“Our next project was a film called Limpet and then the pandemic arrived and just killed our plans dead.
“Fortunately I’d got a couple of writing jobs, which tided us over a bit but as soon as they finished, I was going crazy with nothing to do.”
He called Laura up, who suggested doing something with a small cast in a vineyard where she was staying.
Plucking an idea about two suspicious guys who break down and end up on a farm from his archive, the pair set about assembling a bubble of cast and crew for what would become Dead On The Vine.
“We got together this crew of incredible people who were desperate to do something,” said Mark.
“They liked the script and Laura called in some old favours, so we had this amazing crew – being in a vineyard in the middle of summer was also quite appealing.
“It was 77 acres, you could be outside, socially distanced and in an incredible environment. The film almost has the feel of a western about it – Fargo was a big influence.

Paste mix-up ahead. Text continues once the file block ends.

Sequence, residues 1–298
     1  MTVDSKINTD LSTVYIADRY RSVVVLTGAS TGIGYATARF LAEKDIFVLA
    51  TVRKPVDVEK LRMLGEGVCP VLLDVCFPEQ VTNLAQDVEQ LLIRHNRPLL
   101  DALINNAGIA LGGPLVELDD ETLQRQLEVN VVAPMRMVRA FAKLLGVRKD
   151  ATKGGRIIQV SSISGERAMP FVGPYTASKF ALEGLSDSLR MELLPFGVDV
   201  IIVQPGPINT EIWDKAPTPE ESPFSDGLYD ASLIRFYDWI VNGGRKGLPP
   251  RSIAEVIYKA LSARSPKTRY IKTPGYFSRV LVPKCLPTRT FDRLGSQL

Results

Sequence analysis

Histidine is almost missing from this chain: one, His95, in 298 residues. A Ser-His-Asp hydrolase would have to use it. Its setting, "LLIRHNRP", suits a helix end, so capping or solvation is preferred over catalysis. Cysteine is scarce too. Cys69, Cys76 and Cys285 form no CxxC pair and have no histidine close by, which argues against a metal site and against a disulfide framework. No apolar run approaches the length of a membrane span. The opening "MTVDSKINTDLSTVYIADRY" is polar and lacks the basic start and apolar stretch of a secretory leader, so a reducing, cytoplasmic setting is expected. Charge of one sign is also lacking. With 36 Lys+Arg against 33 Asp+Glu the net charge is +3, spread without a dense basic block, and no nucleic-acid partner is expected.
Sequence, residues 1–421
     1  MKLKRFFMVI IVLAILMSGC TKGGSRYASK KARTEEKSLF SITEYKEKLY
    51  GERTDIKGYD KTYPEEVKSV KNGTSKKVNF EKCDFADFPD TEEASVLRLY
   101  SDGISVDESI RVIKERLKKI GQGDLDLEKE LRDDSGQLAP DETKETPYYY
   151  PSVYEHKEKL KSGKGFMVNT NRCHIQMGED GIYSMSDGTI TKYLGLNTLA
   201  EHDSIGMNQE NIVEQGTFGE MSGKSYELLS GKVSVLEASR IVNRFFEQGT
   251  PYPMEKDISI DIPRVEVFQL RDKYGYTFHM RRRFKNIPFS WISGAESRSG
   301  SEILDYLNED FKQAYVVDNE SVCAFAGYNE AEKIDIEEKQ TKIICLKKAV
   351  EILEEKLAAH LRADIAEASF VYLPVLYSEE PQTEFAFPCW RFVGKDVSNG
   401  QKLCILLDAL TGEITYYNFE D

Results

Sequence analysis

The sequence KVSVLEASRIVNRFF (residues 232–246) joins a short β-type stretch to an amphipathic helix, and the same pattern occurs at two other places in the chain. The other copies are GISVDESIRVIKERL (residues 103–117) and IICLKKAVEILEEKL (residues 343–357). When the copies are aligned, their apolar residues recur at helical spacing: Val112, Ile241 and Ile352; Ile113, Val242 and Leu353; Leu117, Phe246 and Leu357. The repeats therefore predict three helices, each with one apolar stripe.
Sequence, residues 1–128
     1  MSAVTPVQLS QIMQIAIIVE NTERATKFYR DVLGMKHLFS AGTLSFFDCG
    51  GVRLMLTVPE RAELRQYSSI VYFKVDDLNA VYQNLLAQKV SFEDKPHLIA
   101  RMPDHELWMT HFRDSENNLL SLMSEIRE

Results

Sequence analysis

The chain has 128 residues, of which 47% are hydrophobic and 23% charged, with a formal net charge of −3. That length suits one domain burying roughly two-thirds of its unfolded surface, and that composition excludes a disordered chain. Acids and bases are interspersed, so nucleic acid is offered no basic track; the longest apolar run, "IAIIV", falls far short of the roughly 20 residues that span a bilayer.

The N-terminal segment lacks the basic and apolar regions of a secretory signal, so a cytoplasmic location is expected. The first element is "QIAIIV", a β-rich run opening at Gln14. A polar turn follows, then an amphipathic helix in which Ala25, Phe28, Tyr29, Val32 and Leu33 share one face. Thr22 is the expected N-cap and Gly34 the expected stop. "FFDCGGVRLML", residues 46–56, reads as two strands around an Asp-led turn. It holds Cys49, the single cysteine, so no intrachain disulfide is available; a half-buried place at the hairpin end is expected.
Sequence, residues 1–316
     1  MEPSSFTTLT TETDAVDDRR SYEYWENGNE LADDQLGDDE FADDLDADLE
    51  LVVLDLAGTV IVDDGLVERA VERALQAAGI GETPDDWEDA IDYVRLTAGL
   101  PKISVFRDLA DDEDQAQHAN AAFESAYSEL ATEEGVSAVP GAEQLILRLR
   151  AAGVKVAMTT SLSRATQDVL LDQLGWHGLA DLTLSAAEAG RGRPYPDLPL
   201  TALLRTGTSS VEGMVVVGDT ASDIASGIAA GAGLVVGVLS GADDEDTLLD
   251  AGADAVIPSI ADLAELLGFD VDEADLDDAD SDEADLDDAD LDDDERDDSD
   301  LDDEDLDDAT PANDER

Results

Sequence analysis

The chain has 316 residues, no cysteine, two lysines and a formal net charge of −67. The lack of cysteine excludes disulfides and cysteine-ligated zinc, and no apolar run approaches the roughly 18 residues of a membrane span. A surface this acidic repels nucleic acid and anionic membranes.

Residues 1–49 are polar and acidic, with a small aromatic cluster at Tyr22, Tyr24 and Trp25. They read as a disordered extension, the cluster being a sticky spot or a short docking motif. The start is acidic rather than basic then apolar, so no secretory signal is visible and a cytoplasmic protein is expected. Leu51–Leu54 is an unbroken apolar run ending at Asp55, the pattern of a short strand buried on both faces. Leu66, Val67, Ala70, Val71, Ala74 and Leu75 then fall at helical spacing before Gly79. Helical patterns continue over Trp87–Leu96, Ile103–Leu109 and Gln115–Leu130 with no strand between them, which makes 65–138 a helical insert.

“Theses two chaps, one of whom has had an epileptic seizure and is unconscious for the first 20 minutes, come to a vineyard where the two women owners are preparing for a make or break wine tasting evening to save their business.
“Certain things happen, bits of violence pop up, some revelations occur that cause everyone involved to make some very important life choices and moral choices about how they want the rest of their lives to go – do they want to save their businesses, their lives or each other? It’s a darkly comic thriller – certainly not grim.”
With work nearly complete, Mark and Laura entered the film in writer and director Kevin Smith’s first Smodcastle Film Festival in New Jersey.
“Two people who saw it there randomly described it as if Reservoir Dogs had been made by the BBC,” said Mark.
“Kevin Smith has been an inspiration to me – his film, Chasing Amy, was one of those movies that gave me a boost when I was at university.
“I saw it and thought: ‘I want to write like that’.